Re: [AUDITORY] arXiv web of trust (Matt Flax )

Subject: Re: [AUDITORY] arXiv web of trust
From:    Matt Flax  <flatmax@xxxxxxxx>
Date:    Mon, 7 Aug 2023 12:42:42 +1000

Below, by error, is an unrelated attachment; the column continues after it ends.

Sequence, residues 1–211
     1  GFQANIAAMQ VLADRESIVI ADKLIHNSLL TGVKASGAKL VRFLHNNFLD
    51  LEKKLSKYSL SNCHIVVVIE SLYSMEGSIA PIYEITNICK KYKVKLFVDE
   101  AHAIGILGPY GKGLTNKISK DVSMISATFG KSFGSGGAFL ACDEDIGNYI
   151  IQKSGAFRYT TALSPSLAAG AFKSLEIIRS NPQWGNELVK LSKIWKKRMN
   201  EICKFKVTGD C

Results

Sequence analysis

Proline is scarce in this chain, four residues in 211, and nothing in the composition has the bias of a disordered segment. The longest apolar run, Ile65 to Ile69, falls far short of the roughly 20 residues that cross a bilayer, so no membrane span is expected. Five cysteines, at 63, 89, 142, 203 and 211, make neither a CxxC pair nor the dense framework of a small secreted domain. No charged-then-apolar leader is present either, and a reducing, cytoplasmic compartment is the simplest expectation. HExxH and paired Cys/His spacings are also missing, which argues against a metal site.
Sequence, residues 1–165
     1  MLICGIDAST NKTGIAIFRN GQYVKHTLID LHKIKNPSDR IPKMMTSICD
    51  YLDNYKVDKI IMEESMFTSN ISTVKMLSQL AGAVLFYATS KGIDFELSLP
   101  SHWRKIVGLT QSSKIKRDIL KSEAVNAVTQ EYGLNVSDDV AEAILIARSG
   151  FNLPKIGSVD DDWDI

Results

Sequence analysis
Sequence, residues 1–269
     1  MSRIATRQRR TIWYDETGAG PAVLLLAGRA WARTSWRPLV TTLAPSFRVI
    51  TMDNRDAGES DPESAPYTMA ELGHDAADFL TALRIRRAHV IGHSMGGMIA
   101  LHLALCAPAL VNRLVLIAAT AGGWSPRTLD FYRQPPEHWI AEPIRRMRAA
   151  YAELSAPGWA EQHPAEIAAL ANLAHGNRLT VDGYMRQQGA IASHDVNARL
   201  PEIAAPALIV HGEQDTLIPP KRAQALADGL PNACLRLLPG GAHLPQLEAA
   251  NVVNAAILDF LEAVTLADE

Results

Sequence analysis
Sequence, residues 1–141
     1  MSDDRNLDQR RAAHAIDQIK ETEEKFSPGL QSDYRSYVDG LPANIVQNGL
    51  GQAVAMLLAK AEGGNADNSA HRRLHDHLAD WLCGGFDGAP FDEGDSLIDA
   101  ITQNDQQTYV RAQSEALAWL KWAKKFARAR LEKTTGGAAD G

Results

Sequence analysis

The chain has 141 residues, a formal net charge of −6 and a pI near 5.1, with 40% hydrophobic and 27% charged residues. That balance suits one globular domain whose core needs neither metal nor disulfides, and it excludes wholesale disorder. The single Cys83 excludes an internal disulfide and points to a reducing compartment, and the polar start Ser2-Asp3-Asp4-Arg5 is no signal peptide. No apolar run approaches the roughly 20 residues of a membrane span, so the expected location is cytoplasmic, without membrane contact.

Has anyone has been following the LK-99 research in motion event which=20 recently gripped the world? I think it is a great example of fantastic=20 science and research in motion. Researchers go through the process of scientific induction to generate a=20 hypothesis. In most science, hypotheses can't be proven but can=20 certainly be dis-proven. In the case of LK-99 we can assume that the researchers tested their=20 output to the best of their abilities. I assume they tested their output=20 to the best of their abilities. They then released their research to=20 pre-print servers to get it into other researcher's hands. They notify=20 everyone using social media. Their research is so significant that it=20 creates a buzz. Other independent researchers around the world immediately begin=20 replicating their research, because their papers were clear enough on=20 how to implement their research. Pre-print servers and social media were=20 again used to release independent validation efforts on the LK-99=20 material. Other research institutions which have different techniques,=20 equipment and capabilities then pushed the research beyond what the=20 original group from South Korea were capable of. Within two weeks the outcomes of this research was settled and the wold=20 now understands LK-99 better. Beyond this, the world is now now more=20 interested in superconductors and science. If we follow the line of science it must go something like this : The original researcher uses scientific induction to implement a=20 hypothesis. Hypotheses aren't easy to prove but can certainly be=20 disproven. Rapid validation efforts and sophisticated methods were used=20 globally by independent groups to see if they could replicate the=20 original pre-print research. Indeed, a large number of these=20 institutions were able to implement and disprove certain conjectures in=20 the research. The end result was a disproof (at this point I assume it=20 LK-99 was disproven to be a superconductor) of a hypothesis. Now I'm not saying that good research and outcomes don't happen through=20 peer reviewed journals, but I am saying that in the case LK-99, peer=20 reviewed journals were not in the picture and we experienced rapid hard=20 science. What a fantastic example of hard science in motion. Matt On 24/5/23 17:41, Brian FG Katz wrote: > > I think there is a dangerous misnomer using the term pre-print, vs=20 > post-print. > > Pre-print is an unreviewed un-published work, only submitted elsewhere=20 > for consideration. It has no more reference value than a blog, and=20 > maybe should be re-termed as such. Any results are therefore to be=20 > taken with a grain of salt, as with many conference papers which lack=20 > any significant review process. > > While rapid sharing of one=E2=80=99s work may have interest, serious=20 > peer-review acceptance is rarely a question of typo or minor errors,=20 > more typically involving revisions to analysis regularly requiring=20 > (significant) changes to the manuscript, or even identification of=20 > protocol errors hindering publication of the work due to invalid result= s. > > I will not enter into the discussion of cost and compensation, as this=20 > varies greatly between journals and organisations. However, I would=20 > remain on the side of the need for serious peer-review. > > -- > > Brian FG Katz, Research Director, CNRS > > Groupe Lutheries - Acoustique =E2=80=93 Musique > > Sorbonne Universit=C3=A9, CNRS, UMR 7190, Institut Jean Le Rond =E2=88=82= 'Alembert > > > > On Tue, 23 May 2023 at 12:15, Matt Flax <flatmax@xxxxxxxx> wrote: > > Is anyone publishing on arXiv at the moment ? It seems that to > publish > there they rely on a web of trust. > > There is an Audio and Speech section of arXiv which would suit our > community. > > thanks > > Matt >

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